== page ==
3. Should I Include Work Experience In My Personal Statement?
Though I haven’t written many personal statements for law school, I think the answer here is definitely yes. The personal statement portion of an application is important in my mind for two reasons.  First, given that law schools have traditionally relied on statistical measures, I think the personal statement gives an applicant the chance to differentiate his or her profile a bit more, which I suspect is really important when schools are comparing candidates who look identical in terms of test scores and grades.  This is especially true because, unlike MBA programs, most law schools don’t require interviews (Northwestern Law is one exception), and so an applicant has less chance to personalize the written application.  Second, law schools generally put a heavy emphasis on writing, so your statement is a great way to convey that ability.  The ability to structure your thoughts and organize a series of complex events.  The ability to articulate a persuasive and compelling story and to narrate it in a lively yet realistic manner.  And to do both of these effectively, I think an applicant would be at an advantage to not only discuss school activities and future goals, but also to discuss substantive work experiences and how they will help you in your journey in the legal field.

4. Litigation?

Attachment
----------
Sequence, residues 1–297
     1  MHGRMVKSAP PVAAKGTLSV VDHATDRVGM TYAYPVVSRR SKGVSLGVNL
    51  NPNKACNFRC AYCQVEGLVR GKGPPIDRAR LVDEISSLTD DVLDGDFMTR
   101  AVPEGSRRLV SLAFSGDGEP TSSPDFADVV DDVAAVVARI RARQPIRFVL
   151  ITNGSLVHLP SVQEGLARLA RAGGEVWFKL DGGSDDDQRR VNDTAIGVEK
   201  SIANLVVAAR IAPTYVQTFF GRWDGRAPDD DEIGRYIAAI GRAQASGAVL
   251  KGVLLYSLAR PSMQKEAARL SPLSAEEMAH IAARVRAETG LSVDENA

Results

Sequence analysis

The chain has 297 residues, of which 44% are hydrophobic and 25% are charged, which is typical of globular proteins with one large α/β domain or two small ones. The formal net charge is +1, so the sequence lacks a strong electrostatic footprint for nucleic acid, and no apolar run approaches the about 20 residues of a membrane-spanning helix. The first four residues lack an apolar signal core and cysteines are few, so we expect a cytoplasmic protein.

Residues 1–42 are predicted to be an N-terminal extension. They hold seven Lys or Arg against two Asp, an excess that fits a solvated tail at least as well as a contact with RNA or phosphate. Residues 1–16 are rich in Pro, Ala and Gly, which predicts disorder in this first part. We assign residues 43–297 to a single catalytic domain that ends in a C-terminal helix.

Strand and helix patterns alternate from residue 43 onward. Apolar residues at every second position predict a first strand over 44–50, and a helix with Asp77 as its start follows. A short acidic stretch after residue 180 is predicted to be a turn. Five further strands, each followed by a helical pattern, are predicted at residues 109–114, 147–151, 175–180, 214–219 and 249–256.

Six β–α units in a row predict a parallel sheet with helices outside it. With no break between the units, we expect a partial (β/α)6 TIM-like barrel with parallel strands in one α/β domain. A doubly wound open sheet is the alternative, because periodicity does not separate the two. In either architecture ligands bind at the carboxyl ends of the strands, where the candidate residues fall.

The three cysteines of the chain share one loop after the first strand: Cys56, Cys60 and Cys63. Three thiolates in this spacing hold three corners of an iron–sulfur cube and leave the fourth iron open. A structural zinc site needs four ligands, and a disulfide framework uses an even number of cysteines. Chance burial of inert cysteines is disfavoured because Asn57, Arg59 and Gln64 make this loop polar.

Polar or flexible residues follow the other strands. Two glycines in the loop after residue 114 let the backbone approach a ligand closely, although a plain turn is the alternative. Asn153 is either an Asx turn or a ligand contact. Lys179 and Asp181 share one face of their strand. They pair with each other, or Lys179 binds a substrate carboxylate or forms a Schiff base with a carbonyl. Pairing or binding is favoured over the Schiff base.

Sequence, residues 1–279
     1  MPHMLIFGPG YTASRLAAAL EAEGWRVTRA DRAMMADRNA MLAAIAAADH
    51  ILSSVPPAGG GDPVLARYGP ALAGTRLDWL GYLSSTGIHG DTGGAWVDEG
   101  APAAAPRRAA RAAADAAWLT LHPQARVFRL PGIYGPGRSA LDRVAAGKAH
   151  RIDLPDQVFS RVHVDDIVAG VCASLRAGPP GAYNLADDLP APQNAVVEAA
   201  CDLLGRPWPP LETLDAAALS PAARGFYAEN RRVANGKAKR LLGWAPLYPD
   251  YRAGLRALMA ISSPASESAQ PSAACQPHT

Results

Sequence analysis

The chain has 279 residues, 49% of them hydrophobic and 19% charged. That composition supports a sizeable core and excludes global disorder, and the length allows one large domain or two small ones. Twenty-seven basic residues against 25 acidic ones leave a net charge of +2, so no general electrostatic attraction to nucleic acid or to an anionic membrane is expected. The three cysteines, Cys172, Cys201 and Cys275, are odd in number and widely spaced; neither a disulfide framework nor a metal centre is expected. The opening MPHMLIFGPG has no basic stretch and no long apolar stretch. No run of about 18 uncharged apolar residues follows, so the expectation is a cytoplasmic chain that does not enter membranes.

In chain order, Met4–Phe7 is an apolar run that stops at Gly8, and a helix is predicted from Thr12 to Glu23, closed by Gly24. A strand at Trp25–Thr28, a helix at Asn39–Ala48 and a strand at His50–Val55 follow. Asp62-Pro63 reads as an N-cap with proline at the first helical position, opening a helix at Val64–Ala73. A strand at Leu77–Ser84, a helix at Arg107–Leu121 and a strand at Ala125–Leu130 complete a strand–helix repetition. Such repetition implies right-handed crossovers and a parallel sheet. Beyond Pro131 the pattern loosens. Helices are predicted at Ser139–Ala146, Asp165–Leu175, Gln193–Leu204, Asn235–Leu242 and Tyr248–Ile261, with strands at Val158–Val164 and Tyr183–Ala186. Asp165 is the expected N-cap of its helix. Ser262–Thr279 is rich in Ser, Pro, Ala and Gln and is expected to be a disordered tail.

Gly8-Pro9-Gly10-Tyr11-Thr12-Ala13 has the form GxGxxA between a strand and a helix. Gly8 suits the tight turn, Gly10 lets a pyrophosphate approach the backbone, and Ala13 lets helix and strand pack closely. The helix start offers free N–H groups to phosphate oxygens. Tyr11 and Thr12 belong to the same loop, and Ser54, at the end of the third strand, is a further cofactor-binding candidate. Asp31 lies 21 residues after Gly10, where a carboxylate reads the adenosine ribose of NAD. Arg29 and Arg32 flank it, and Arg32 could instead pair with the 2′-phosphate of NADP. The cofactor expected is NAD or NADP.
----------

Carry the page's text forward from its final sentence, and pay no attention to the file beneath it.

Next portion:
Of those I know, most JD-MBAs here have not gone into typical litigation roles after graduation, and I think that is consistent with many top JD-MBA programs. In some respects this is because the MBA portion of the program adds certain business skills and knowledge, that students can leverage to do well in corporate law. And conversely, corporate firms do value the degree. Further, from what I’ve seen about Northwestern Law specifically (not JD-MBA), it generally tends to have a pretty businessy edge to it as well, as in many instances, classes here approach both the practice and the study of law with a business emphasis. And so as a result, many JDs here also go into corporate law. That said, many Northwestern Law students (non JD-MBAs) also definitely go into litigation. (To get the most accurate and up-to-date information on career paths, you should probably visit Northwestern Law’s Admissions website. The law school here does a very good job at discussing their admissions strategy and the school’s overall strategy. It should also give you some of the recent numbers on where graduates have gone to work.) In light of all the data I’ve seen, my general response here is that you definitely don’t have to want to go into litigation to make the JD useful. And that’s especially true, if like I mentioned above, you think more broadly about the usefulness of the law degree.